The following has been submitted by a group of academics and social activists.
even the passing of the torch at City Hall hasn't stopped politicians from falling over themselves to heap praise on the plan to remodel Regent Park and bring decent living conditions at long last. But Regent Park residents are already raising concerns about where they will be moved during the redevelopment, and whether they will continue to feel at home there afterwards.
The community consists of 2,087 households, mostly led by single moms and immigrants, most of whom are people of colour. They've come from all over to try to establish themselves, and their lives have been severely strained by the social and economic policies of the last decade. They have no real say over how their housing project is managed, and the physical state of their homes has been allowed to deteriorate, making everyday living difficult for many, unbearable for some.
To add insult to injury, Regent Park has been cast as a flawed city neighbourhood that needs to be saved from itself. The needs of Regent Park residents have been neglected, and their housing issues deserve to be addressed, but under what kind of plan?
The city and its housing company, the Toronto Community Housing Corporation (TCHC), plan to obliterate Regent Park. Discard every brick, pathway and garden. Dismantle homes, recreation centres, the swimming pool and hockey rink. Then invite private developers to rebuild it according to some Victorian fantasy.
The plan calls for housing density to be doubled from the current 2,087 units to 4,500. But there's a catch: while the existing units, all publicly managed and subsidized, are to be replaced and offered to current residents first, the additional units are for the private market exclusively.
The plan's success hinges on pitching the new neighbourhood as safe and attractive to condo developers and buyers. Beneath the spin of building a more livable community is a land grab. Consider the fact that Regent Park is 69 acres of public land sitting next to prime downtown real estate. Luxury lofts and car dealerships are already springing up on the perimeter of the park, and townhouses are on sale for as much as $500,000.
The Park's state of severe disrepair is being used to justify the project, implying it's the only way residents will finally get decent living conditions. The truth is that for years provincial governments - and recently the city - have neglected even basic maintenance. Now the politicians look to their friends in the private sector as partners to rebuild and create a "cleaned-up" and mixed community.
There's no question the renovation of Regent Park's housing is long overdue, but what does the privatization of the land and community really mean for residents and other tenants who live in the area now?
In Regent Park, folks who rely on social assistance and those who are among the working poor could well be displaced - most likely out of the centre of the city. Already, they will have to be relocated during the years of construction.
If TCHC doesn't make the profit it anticipates by selling off or leasing the Park's land to private developers - money it's relying on to fund the reconstruction of the public apartments and townhouses - even more subsidized units could be cut from the plan.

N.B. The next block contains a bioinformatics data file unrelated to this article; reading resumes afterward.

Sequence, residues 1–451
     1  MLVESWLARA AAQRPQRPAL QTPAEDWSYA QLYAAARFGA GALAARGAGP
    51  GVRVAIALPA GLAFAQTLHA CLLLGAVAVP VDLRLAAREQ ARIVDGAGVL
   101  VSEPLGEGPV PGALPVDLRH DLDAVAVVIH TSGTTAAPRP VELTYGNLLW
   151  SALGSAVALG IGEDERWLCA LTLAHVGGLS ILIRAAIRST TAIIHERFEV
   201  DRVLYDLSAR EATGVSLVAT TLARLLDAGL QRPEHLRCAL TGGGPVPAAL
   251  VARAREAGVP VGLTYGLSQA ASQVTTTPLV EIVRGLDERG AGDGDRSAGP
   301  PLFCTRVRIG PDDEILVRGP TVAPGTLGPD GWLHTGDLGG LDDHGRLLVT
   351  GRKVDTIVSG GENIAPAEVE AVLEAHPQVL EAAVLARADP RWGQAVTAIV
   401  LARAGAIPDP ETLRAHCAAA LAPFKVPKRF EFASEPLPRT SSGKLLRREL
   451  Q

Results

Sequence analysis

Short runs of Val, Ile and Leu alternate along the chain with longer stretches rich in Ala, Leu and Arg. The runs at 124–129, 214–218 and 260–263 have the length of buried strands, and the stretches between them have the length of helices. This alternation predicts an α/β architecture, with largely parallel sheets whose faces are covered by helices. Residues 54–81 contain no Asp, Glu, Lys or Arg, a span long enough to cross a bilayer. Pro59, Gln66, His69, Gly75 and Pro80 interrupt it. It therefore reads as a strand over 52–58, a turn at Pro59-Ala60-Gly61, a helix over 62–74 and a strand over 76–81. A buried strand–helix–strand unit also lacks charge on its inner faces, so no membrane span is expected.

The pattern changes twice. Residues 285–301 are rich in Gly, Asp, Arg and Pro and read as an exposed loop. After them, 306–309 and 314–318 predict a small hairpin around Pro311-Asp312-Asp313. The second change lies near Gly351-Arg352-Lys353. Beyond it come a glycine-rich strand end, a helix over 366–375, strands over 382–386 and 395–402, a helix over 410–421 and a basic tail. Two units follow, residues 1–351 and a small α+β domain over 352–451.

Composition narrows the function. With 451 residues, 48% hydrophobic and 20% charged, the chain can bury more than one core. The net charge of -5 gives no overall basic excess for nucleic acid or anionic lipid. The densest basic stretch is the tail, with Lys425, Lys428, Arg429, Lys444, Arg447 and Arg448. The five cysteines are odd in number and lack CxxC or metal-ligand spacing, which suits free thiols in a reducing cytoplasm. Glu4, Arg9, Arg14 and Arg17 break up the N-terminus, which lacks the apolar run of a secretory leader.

As condo buyers and businesses move in during the initial phases of redevelopment, their influence will only grow in the neighbourhood and consolidate the power of nearby ratepayer groups already pushing to slash the ratio of subsidized units to just 25 per cent.
Further, as property values go up, other residents in affordable private units around Regent Park will soon find themselves priced out of the area. The result will be even more political pressure to get rid of services for low-income people, single moms, immigrants and refugees.
So much for achieving a social mix. The proud neighbourhood formerly known as Regent Park will feel a lot more like mono-cultural trendy new "South Rosedale," a name that's already being kicked around.
Ultimately, such gentrification pushes low-income folks, people of colour and women-led families to the edges of the city.
There are alternatives. The new provincial government did pledge money for affordable rental housing, including non-profits and co-ops. Queen's Park needs to be held firmly to this promise. And the city needs to understand that public land and public housing are worth much more to the heart and soul of the city than the money privatization can bring.
Why can't Regent Park redevelopment become a solution to the desperate need for truly affordable housing in Toronto instead of feeding the ever-growing appetite of the private real estate market?
Signed by Debbie Douglas, Ontario Council of Agencies Serving Immigrants; Grace-Edward Galabuzi, assistant professor, Ryerson University; Kanishka Goonewardena, assistant professor, University of Toronto; datejie green, journalist; Jason Hackworth, assistant professor, University of Toronto; Punam Khosla, MES candidate, York University; Stefan Kipfer, assistant professor, York University; Ute Lehrer, assistant professor, Brock University; Karen Wirsig, journalist; Doug Young, PhD candidate, York University